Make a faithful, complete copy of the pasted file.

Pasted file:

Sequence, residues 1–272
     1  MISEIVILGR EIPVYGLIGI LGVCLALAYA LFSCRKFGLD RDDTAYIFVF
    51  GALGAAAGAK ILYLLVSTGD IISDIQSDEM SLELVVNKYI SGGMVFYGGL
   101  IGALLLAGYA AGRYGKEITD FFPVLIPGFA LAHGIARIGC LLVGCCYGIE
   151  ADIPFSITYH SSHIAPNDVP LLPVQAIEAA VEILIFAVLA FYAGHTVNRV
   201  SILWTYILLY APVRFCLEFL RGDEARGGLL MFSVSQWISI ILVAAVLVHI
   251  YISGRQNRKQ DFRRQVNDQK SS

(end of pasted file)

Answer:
Sequence, residues 1–272
     1  MISEIVILGR EIPVYGLIGI LGVCLALAYA LFSCRKFGLD RDDTAYIFVF
    51  GALGAAAGAK ILYLLVSTGD IISDIQSDEM SLELVVNKYI SGGMVFYGGL
   101  IGALLLAGYA AGRYGKEITD FFPVLIPGFA LAHGIARIGC LLVGCCYGIE
   151  ADIPFSITYH SSHIAPNDVP LLPVQAIEAA VEILIFAVLA FYAGHTVNRV
   201  SILWTYILLY APVRFCLEFL RGDEARGGLL MFSVSQWISI ILVAAVLVHI
   251  YISGRQNRKQ DFRRQVNDQK SS